The All-Star game is history — bonus points if you can remember who played for which team — and the best part of the NHL season will begin Tuesday.
The scramble for playoff berths intensifies and general managers must decide if they’ll be buyers or sellers at the Feb. 27 trading deadline. The cutoff for playoff qualifiers last season was 93 points in the East and 97 in the West, and those numbers should be about the same.
Although positions within the top eight might change, teams that weren’t in playoff spots at the All-Star break are unlikely to reach the playoffs. According to the Elias Sports Bureau, the NHL’s statistical consultant, only two teams not in playoff position at last season’s break qualified for postseason play: the Kings replaced Dallas in the West and Buffalo replaced Atlanta in the East. The largest deficit a team not in playoff position has overcome to secure a berth under the current format was 12, by the 1993-94 New York Islanders.
Here’s how the races look:
The NHL’s best race is in the Central Division, where the Detroit Red Wings, St. Louis Blues, Nashville Predators and Chicago Blackhawks are three points apart. The Red Wings were 8-2 before the break, the Blues were 7-1-2 and the Predators were 9-1-0.
The Red Wings have more than $5 million in cap space and might pursue third- or fourth-line depth. The Vancouver Canucks have been looking for depth on defense and size up front, but there’s nothing behind rumors they will acquire the Ducks’ Corey Perry or George Parros. The Blues should get a boost with the anticipated return of Andy McDonald (concussion).
The Kings need a scoring winger, especially with Simon Gagne out indefinitely because of a concussion. They might be able to trade Jonathan Bernier in a package for a top-six forward, but that’s risky because they don’t have an NHL-caliber backup goalie in their system. Ducks General Manager Bob Murray insists he won’t trade Teemu Selanne, but he might deal defenseman Lubomir Visnovsky, who has a cap hit of $5.6 million next season but a salary of $3 million.
The low-budget Predators and their plans for elite defensemen Ryan Suter and Shea Weber will affect the trade market league-wide.
Suter, who can be an unrestricted free agent July 1, said he wants to stay but — reasonably — wants to see whether GM David Poile will upgrade the lineup. Suter said he won’t negotiate before the trade deadline, so he can focus on the playoff drive. Weber, headed for restricted free agency, won a record $7.5-million salary in arbitration last summer and should stay around that level. The Predators might not be able to afford to keep both.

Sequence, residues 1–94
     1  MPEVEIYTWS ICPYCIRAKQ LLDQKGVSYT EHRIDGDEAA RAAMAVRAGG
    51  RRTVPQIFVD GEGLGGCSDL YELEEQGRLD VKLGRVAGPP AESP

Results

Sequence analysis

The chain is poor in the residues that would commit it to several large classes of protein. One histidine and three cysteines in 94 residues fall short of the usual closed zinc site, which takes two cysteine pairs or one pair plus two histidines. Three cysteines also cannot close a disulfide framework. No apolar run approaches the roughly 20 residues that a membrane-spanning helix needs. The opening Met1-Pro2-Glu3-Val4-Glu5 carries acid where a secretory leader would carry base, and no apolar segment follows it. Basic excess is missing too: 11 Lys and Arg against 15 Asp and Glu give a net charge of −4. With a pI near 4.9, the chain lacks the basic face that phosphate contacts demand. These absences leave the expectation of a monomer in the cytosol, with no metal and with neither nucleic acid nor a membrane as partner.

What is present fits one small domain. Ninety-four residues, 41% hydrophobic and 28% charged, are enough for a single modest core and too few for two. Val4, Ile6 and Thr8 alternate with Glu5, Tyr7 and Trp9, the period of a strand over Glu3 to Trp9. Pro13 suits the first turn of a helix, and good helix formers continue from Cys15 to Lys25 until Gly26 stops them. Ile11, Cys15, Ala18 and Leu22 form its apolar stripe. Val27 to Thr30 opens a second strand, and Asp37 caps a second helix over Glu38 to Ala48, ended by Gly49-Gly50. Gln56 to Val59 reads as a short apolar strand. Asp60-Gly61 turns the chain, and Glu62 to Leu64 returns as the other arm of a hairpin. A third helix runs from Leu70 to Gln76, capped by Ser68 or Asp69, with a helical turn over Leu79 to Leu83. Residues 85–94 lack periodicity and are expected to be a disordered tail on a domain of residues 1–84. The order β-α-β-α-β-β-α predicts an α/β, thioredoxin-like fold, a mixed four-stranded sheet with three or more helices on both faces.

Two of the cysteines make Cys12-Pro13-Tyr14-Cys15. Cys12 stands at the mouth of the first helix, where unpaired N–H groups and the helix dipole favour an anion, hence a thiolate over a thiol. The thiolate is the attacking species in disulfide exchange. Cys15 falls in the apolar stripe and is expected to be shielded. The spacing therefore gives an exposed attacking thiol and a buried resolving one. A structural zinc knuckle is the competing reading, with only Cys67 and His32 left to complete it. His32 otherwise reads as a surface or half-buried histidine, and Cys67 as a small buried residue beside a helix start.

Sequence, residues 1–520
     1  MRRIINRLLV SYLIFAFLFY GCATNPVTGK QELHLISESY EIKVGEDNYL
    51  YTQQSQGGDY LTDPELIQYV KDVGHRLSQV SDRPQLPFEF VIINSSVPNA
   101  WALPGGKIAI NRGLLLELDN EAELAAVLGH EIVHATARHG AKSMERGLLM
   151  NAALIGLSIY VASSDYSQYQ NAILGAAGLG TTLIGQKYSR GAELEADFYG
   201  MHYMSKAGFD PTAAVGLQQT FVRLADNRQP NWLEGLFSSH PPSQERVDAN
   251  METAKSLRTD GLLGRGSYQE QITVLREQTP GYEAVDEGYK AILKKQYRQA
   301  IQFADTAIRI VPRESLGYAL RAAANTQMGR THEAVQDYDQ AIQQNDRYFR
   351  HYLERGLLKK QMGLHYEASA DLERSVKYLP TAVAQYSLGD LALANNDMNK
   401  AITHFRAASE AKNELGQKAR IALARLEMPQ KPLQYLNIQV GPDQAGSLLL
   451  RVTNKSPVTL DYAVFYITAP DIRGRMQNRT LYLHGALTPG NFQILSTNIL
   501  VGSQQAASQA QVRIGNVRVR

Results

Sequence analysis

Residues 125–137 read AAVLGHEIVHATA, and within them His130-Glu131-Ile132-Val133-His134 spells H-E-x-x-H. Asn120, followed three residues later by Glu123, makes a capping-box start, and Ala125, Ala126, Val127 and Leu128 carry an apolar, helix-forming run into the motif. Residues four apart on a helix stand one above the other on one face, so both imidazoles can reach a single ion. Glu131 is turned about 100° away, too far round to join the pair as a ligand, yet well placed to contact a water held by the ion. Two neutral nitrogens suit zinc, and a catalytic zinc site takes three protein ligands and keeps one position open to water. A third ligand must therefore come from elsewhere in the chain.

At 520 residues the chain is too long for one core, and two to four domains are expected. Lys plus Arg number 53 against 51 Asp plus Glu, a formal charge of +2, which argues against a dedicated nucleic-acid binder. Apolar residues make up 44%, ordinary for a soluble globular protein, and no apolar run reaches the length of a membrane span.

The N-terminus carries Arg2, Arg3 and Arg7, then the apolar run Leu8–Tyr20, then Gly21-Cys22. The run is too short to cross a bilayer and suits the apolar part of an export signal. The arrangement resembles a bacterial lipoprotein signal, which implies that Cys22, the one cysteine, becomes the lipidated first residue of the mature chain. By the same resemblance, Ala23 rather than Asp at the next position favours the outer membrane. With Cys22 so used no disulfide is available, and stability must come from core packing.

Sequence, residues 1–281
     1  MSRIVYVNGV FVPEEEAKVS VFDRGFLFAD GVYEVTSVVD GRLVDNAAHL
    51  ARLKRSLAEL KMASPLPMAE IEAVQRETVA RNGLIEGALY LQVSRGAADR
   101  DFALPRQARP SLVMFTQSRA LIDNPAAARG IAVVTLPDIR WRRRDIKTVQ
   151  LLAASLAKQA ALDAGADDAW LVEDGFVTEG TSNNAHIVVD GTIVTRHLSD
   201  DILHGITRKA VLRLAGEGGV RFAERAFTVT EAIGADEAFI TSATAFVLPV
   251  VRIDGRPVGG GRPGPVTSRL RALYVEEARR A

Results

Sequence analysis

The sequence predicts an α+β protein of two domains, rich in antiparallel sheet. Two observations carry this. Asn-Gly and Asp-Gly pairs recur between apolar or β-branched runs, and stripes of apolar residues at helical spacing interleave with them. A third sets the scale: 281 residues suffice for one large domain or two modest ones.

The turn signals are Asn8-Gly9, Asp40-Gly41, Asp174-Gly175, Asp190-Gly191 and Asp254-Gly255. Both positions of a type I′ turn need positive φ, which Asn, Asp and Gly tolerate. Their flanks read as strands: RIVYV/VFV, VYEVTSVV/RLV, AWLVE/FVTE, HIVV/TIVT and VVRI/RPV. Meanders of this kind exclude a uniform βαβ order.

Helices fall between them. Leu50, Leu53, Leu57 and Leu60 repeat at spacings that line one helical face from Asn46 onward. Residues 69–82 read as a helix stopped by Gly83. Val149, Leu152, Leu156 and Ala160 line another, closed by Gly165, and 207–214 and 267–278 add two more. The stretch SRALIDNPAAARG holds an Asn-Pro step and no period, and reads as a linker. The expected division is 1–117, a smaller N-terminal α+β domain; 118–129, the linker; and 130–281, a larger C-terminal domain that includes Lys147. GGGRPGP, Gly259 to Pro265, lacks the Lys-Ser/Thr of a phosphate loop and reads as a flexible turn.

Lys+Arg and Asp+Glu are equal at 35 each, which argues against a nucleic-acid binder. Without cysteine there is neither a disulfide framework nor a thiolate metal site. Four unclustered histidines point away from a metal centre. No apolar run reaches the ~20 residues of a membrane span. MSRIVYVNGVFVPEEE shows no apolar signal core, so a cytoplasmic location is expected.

Edmonton, out of it after a good start, needs defensemen and can spare winger Ales Hemsky. The Kings liked him and Detroit might be interested now. Any inclination for Columbus to trade unhappy Jeff Carter will be hampered by his cap hit of $5.272 million through 2021-22.
Several teams will be tested by rugged February schedules. The Blackhawks, 10-9-2 on the road, will play nine straight road games in four time zones starting Tuesday at Vancouver. The 13th-seeded Ducks, 5-11-6 on the road, will play eight straight and nine of 10 away from home in February. No. 9 Colorado, 12-11-2 on the road, will play six of 12 on the road in February.
The race for No. 1 between the New York Rangers and Boston Bruins could be tipped when the defending champion Bruins play six straight road games and eight of 13 overall in February, and trek west for a California trifecta in March. The Rangers, by contrast, have only three games left outside of their time zone. Washington, which has been holding off the Florida Panthers in the Southeast, will be hurt while Alexander Ovechkin serves the last two games of a three-game suspension (illegal hit) coming out of the break.
The Pittsburgh Penguins overcame an array of injuries to win seven straight games and seem set, though GM Ray Shero has a knack for effective deadline-beating moves. The Philadelphia Flyers, hurting without concussion-stricken Chris Pronger, might pursue Suter or Weber or another top-four defenseman.
The Carolina Hurricanes made a surprising move Monday by signing defenseman Tim Gleason to a four-year, $16-million extension with no-trade clauses in each of the first two seasons. Gleason will stay, but forward Tuomo Ruuttu, an impending free agent, might be traded. The New Jersey Devils, eighth at the break, have it easy with no more games outside of the Eastern time zone. They want to keep skillful forward Zach Parise, who can become an unrestricted free agent July 1, and probably won’t trade him.
Montreal, eight out in the East, is on the bubble. GM Pierre Gauthier was scouting Western teams last week, maybe looking at what he can get for gritty forward Travis Moen. Buffalo, a huge disappointment after spending big bucks last summer, will have some hard decisions to make, though it’s unlikely the Sabres will trade goalie Ryan Miller.